Martin Gray (Holocaust survivor)

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Martin Gray monument erected close to his former Brussels's residence in the Uccle district.[1]

Martin Gray born Mieczysław Grajewski (27 April 1922, Warsaw, Second Polish Republic) is an assumed Holocaust survivor,[2][3] and postwar author. His family in Poland died in the Holocaust.[4] In 1946 Gray emigrated from Europe to the United States, where his grandmother was living. Some 10 years after his arrival Gray had become a tradesman in replicas of antiques according to what he wrote, doing business in the U.S., Canada and Cuba. He moved to the South of France in 1960, where he still lives.[5]

Writing[edit]

Gray's first book, For Those I Loved (Au nom de tous les miens), became a bestseller. Another 11 books would follow over the years. All of Gray’s books have been written in French. Several of them have been translated into English. Gray’s last book Au nom de tous les hommes (2005) has not yet been translated into English.[6]

Two of Gray’s books are autobiographies: the already mentioned For Those I Loved covers the era from his birth in 1922 to 1970, when Gray lost his wife and his four children in a forest fire. His second autobiography, La vie renaitra de la nuit, (Life Arises Out of Darkness) covers the years from 1970 to 1977, during which Gray found his second wife, Virginia. In this second autobiography he describes desperately looking for a way to live after the demise of his family in the 1970 fire. In 1979, U.S. photographer David Douglas Duncan produced a book of photographs and text about Gray: The Fragile Miracle of Martin Gray.[4]

Criticism[edit]

Holocaust historian Gitta Sereny has dismissed Gray’s book as a forgery in a 1979 article in New Statesman magazine, writing that "Gray's For Those I Loved was the work of Max Gallo the ghostwriter: "During the research for a Sunday Times inquiry into Gray's work, M. Gallo informed me coolly that he ‘needed’ a long chapter on Treblinka because the book required something strong for pulling in readers. When I myself told Gray, the ‘author,’ that he had manifestly never been to, nor escaped from Treblinka, he finally asked, despairingly, ‘But does it matter? Wasn't the only thing that Treblinka did happen, that it should be written about, and that some Jews should be shown to have been heroic?’" [2]

Polish daily Nowiny Rzeszowskie (The Rzeszów News) on 2 August 1990 published an interview with World War II Captain Wacław Kopisto, a soldier of the elite Polish Cichociemni unit, who took part in the raid on the Nazi German prison in Pińsk on 18 January 1943. Kopisto was shown the wartime photograph of Martin Gray (a.k.a. Mieczysław Grajewski) and said that he never saw this person in his life before. However, Gray himself described his alleged participation in the same raid in his book For Those I Loved. Kopisto stated, when asked about any Jewish person in his unit alluding to Gray, that among the sixteen Polish soldiers in his partisan group there was in fact a Polish Jew from Warsaw by the name of Zygmunt Sulima, his own long-term friend and colleague after the war. No man like the one in the photograph of Gray ever belonged to their unit; Kopisto said: "For the first time in my life I saw Martin Gray in a 1945 photo, which was published in March 1990 in Przekrój magazine (...) There were only sixteen of us participating in the 1943 Pińsk raid, and he was not among us."[3]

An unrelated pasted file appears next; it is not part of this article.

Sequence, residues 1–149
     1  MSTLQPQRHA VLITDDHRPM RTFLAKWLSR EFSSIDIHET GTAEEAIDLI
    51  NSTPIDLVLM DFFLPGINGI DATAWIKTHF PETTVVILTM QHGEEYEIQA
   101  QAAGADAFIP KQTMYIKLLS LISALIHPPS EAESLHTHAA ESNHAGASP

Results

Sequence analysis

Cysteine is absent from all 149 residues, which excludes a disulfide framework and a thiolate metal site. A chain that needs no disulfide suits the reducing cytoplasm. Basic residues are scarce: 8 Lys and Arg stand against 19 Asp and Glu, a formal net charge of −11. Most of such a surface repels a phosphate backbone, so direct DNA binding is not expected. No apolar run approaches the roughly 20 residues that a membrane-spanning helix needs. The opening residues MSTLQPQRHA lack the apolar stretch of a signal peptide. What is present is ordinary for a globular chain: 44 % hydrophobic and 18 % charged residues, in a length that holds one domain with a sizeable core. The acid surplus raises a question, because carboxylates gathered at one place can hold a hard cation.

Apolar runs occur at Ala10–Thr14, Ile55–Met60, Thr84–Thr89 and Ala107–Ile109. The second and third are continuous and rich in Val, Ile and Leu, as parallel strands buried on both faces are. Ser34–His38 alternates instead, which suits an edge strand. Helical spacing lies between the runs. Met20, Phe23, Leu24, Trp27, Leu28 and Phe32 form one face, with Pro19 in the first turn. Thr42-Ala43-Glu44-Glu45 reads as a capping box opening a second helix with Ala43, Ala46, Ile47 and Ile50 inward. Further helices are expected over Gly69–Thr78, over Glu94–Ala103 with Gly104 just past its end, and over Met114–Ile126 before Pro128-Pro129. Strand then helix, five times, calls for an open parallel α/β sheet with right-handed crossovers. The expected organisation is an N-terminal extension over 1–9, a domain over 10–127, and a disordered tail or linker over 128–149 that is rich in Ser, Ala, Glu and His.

In film[edit]

  • Gray’s life has been put on film: For Those I Loved. The film was broadcast as a mini-series during the 80’s in Europe, starring Michael York and Brigitte Fossey. *A second, shorter film was made by Frits Vrij, who tried to contact Gray for several years. The encounter between Gray and Frits Vrij resulted in a film: Seeking Martin Gray. The film was recently brought out on DVD.[citation needed]

See Also[edit]

References[edit]

  1. ^ Part of the text affixed on the base of the monument located on Victor Allard street/Calevoet Station states: ""Make that the wounds, if hope wins on sufferings, become the veins in which life's blood flows." – Martin Gray.
  2. ^ a b Sereny, Gitta. "The Men Who Whitewash Hitler" New Statesman, Vol. 98, No. 2537, 2 November 1979, pp. 670-73.
  3. ^ a b Jacek Stachiewicz interview with Major Wacław Kopisto (August 2, 1990), "Kim jest Martin Gray?" (Who is Martin Gray) Nowiny Rzeszowskie (The Rzeszów News daily), Nr 163, 1990, p. 9 of scanned document, Scribd Inc. Also at: Polish daily Nowiny Rzeszowskie, DJVU Lizardtech viewer. Nr 162-183. Podkarpacka Digital Library.
  4. ^ a b David Douglas Duncan. The Fragile Miracle of Martin Gray: Photographs and Text. Hardcover, 96 pages (Published October 1st 1979 by Abbeville Press). ISBN 0896590739. Retrieved 21 May 2014. 
  5. ^ Martin Gray, Au nom de tous les miens, Paris, Laffont, 1971 ; rééd. Pocket, 1998, p. 327-329 et 332.
  6. ^ Amazon.com (2014). "Books by Martin Gray". Au nom de tous les hommes: Abel et Caïn. Publisher: Editions du Rocher; language: French. ISBN 226805182X. Retrieved 21 May 2014. 

External links[edit]